The area is centred on the junction where the High Street meets South Norwood Hill/Portland Road; the bulk of the shops and amenities are located along the High Street and Selhurst Road/Penge Road, with further shops, restaurants etc. lining Portland Road for some distance. South Norwood is now unofficially divided into the less deprived area in the north west side of the railway, which was the location of a private estate, and the generally more deprived area in the north east. In the south east of the borough, where workers for a former brick factory lived, the entrance to the estate was between a pair of pillars, though they have long since been demolished. However the capitals were preserved and now sit on the two brick pillars at the Selhurst Road entrance to South Norwood Recreation Ground. In 2006, South Norwood Lakes in the north of the ward was the scene of a fatal stabbing.
South Norwood was within the County Borough of Croydon until 1965 when, following the enactment of the London Government Act 1963, it became part the local government of Greater London. The town is now part of the wards of South Norwood and Woodside in the local authority of Croydon, which has the responsibility for providing services such as education, refuse collection, and tourism.
South Norwood Ward is part of the ethnically diverse Croydon North parliamentary constituency, which had one of the largest electorates in England at the 2010 general election, whereas Woodside Ward falls within the boundaries of the Croydon Central constituency. The sitting Member of Parliament (MP) for Croydon North is Steve Reed, a member of the Labour Party, following the death of Malcolm Wicks. The sitting Member of Parliament for Croydon Central is Sarah Jones, also a member of the Labour Party.
Policing services are provided by the Metropolitan Police via the Croydon Police Station branch in Park Lane, Croydon. The London Fire Brigade provide services for the area and Greater London as a whole; the nearest fire station is at Woodside which has only one pumping appliance.
South Norwood is bordered by Anerley to the north, Selhurst to the south, Woodside due east and Thornton Heath to the west. The northernmost point of South Norwood is at Beaulieu Heights (alternatively spelt Beulah Heights, Beaulah Heights and Beulieu Heights) which contains Beulah Heights Park, overlapping with Upper Norwood and New Town. The northern part of the district is situated on the lower parts of the hill that forms Upper Norwood.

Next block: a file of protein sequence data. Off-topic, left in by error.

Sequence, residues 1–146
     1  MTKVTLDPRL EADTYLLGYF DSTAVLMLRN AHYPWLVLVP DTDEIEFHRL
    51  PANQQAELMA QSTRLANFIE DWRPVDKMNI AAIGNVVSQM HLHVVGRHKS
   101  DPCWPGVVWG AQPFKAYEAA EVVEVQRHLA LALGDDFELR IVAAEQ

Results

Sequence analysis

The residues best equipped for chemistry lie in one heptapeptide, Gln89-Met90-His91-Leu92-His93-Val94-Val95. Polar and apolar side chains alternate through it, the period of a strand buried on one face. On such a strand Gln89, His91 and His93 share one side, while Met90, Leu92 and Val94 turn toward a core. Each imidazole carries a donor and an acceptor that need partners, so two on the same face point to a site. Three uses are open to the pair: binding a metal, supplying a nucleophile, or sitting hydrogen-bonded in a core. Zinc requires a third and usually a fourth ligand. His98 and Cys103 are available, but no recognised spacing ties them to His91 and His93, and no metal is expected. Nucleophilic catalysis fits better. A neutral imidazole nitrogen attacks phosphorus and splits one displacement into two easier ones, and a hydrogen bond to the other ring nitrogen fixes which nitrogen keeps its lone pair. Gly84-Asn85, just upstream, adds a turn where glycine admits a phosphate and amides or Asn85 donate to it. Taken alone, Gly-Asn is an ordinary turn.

South Norwood lies on the southern slopes of the Norwood Ridge which forms the southern edge of the London Basin. This line of hills runs from north-east to south-west for about three miles (5 km) and rises to approximately 360 feet (110 m) above sea level at its highest point. It is formed by a ridge of grey silty deposits known as London Clay, capped in places with the gravel of the Claygate Beds. Because of this gravel working was an important local industry and at one time the road along Beulah Hill was called Gravel Pit Road. South Norwood Hill is the most southerly spur of this ridge and the London Clay extends at its foot to the southern edge of the South Norwood Country Park. Here a brook marks the junction with the sands and gravels of the Blackheath Beds that rise to Shirley, Addington Hills and Croham Hurst. Streams join Chaffinch Brook and the Beck to form the River Pool, which eventually flows into the River Ravensbourne.
There are many primary schools in the South Norwood area including Priory Special School, Heavers Farm Primary School, South Norwood Primary School, Cypress Junior School and Cypress Infant School, St. Chad's Roman Catholic Primary School, St. Mark's Primary School and Oasis Academy Ryelands.
The former Stanley Technical High School (the legacy of local inventor and engineer William Stanley) has been replaced and turned into an academy as part of the Harris Federation. After deliberations with local residents it was originally going to be called Harris at Stanley, but the federation changed it to Harris Academy South Norwood, an act which created some controversy. Many local residents are upset that the name Stanley was removed from the school, as Stanley, who had the original school built in 1907, is a famous and well regarded figure in South Norwood. Harris City Academy Crystal Palace is a city academy in the north west of South Norwood, but to avoid confusion with the other school it uses the Crystal Palace name. Other secondary schools in the area include Oasis Academy Arena.